A day in the Jordan valley: began with abuse, ended with fun for kids.
A clear case of the army working in the interest of the settlers from the nearby outpost of Havat Omer in the Jordan valley - presenting an order of 'closed military zone' to the Palestinian herders from Ouja
On our way from Jerusalem to Ouja, at six am, we receive a call from Palestinian herders that they have, at this early hour, already been presented with a military order declaring the lands they are grazing in as ‘closed military zone”. When we arrive, two cars from Jerusalem, at a T-crossing in route 449, where we are waiting for another from Tel Aviv, we are joined by an army jeep, and presented with the order.
Guy Hircefeld argues with the officer that the order is illegal. In another case, of the South Hebron Hills, brought to the High Court, it has been established that such orders of closed military zones are illegal if:
- the do not give a reason for the closing
- they are issued one day after the other
- if signatures are missing – on the order or on the map.
The herders have been presented with such an order every day in the past week, and never has a reason been provided. The only reason being that Omer from the illegal outpost Havat Omer – who has terrorized the herders out of their grazing lands for the past fifteen years – is using his friends in the army to prevent the herders from reclaiming these lands – now accompanied by activists from Ta’ayush and MachsomWatch.
Asked about the reason for the closed army zone, the army officer in charge says: “that is not my business, I only follow orders” The map we are shown is not signed, so that all three conditions apply. We are certain to contest the orders in court.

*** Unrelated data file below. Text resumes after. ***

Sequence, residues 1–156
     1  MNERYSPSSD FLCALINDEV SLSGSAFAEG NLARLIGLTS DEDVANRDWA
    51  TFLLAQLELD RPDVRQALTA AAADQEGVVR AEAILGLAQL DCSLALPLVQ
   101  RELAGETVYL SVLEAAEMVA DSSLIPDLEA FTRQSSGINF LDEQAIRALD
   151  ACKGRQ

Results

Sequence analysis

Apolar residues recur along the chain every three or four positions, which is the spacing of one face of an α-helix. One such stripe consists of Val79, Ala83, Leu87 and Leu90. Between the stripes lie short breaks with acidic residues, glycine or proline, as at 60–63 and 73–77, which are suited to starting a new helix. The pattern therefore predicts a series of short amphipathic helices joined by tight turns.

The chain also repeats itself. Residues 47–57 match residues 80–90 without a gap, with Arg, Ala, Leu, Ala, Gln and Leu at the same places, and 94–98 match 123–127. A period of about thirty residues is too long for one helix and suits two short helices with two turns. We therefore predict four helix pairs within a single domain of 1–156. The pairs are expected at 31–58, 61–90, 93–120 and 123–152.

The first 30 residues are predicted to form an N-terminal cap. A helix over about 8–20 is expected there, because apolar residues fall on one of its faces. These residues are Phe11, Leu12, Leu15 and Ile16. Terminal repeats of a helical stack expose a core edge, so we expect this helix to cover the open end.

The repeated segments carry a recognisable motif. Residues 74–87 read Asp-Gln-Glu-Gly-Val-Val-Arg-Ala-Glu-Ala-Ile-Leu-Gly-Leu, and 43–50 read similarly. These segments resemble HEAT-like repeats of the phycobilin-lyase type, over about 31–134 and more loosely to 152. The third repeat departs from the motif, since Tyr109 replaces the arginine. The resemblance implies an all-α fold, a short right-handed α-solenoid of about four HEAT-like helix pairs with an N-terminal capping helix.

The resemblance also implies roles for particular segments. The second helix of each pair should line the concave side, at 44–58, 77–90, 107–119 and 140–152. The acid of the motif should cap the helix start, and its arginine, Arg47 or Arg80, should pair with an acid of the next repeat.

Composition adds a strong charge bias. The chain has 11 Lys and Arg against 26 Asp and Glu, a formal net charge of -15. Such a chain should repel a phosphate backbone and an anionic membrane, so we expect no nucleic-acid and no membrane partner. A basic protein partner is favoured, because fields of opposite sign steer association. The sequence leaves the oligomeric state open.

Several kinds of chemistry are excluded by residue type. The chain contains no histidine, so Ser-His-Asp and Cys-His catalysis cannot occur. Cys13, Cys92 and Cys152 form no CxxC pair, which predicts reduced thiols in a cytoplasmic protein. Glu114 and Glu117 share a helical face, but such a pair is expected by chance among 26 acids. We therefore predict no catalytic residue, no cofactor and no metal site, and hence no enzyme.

Across the road, where there is nothing for the sheep to eat, the order does not apply. So we move there. We object when the army officer asks for the identity card of one of the herders who is just standing there doing nothing illegal - and the officer decides to call the police, charging Guy with ‘interfering in the officer fulfilling his duty’. We have to wait for the police – and the army officer prevents us from going to join the herders.
In the meantime, as the other herds start to come east, we send out our activists to accompany them. Some of us join a herd in an area near Mevo’ot Yericho, where the order does not apply, others join herds in an area that is not clear if it is forbidden, while another activist slowly accompanies the expelled herd home, while grazing on the way back.
Another army jeep arrives, and the two jeeps stay at the crossroads for quite a while. Later the police car joins them, but they do not approach us, just talk to the army officers. In the end, no charges are pressed, though the police officer insists on taking our identity cards to write down our numbers, and says it is a formality, as we were present at ‘the event’.
With all this commotion, the many different herds seem to have gotten a few good hours of grazing before they return home as the heat of the day becomes less bearable.
After the grazing, we meet our Palestinian friends at their home in Ouja, where we are served tea and hear of army visits late at night – for three nights in the past week or so - scaring the children who can’t sleep afterwards. It seems the only purpose of those nightly visits is intimidation - presumably in the name of the settlers…
Afterwards, we drive to Ein Sakut for a wonderful day of fun in the beautiful, large natural pond with tens of Palestinian children from various herder communities in the Jordan Valley, organized by MachsomWatch and other activists, led by Daphne Banai.
Not only the children enjoy the day, but several Palestinian adults (almost exclusively men) who accompany them love the dip in the refreshing water. Most have never been there before – even though the spring – appropriated in Hebrew as Ein Sukkot, even with a road sign to a nature site -, is located on land that belongs to one of the men who now lives in Tubas.
An important part of this effort is the cleaning of the site by activists who go around with large bags, picking up the garbage strewn all over the place. Even though there is a large garbage container at the site (a ‘frog’) it is overflowing with garbage as it is not emptied by the Israeli authorities in charge.